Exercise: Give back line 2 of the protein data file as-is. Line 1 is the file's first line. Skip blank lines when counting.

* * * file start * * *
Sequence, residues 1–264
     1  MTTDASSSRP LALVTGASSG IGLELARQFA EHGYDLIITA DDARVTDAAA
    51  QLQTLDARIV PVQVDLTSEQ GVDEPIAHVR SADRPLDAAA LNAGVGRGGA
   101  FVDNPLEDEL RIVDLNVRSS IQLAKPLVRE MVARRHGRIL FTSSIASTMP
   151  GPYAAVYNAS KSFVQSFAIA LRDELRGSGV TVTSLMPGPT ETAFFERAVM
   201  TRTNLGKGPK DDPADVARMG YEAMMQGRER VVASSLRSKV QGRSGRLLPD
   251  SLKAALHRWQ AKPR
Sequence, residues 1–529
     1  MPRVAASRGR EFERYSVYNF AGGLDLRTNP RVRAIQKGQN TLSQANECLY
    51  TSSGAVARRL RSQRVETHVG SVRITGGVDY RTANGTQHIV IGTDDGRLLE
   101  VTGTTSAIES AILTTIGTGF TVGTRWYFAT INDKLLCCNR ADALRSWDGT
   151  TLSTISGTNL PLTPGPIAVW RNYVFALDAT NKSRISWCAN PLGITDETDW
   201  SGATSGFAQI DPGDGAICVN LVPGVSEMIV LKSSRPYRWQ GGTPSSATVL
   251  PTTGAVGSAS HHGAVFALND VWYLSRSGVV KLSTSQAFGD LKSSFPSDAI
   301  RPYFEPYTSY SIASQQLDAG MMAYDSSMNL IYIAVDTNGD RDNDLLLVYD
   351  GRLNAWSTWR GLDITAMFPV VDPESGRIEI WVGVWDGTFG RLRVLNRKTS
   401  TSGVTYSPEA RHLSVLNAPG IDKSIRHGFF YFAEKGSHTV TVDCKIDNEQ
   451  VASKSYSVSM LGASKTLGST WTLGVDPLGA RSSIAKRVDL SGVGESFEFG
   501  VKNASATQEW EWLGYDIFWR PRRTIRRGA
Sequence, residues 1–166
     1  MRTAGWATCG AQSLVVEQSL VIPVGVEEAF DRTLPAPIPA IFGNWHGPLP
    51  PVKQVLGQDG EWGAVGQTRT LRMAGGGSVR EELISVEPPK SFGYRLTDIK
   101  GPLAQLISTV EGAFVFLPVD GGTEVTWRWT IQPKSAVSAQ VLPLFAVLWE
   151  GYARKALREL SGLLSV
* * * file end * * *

     1  MTTDASSSRP LALVTGASSG IGLELARQFA EHGYDLIITA DDARVTDAAA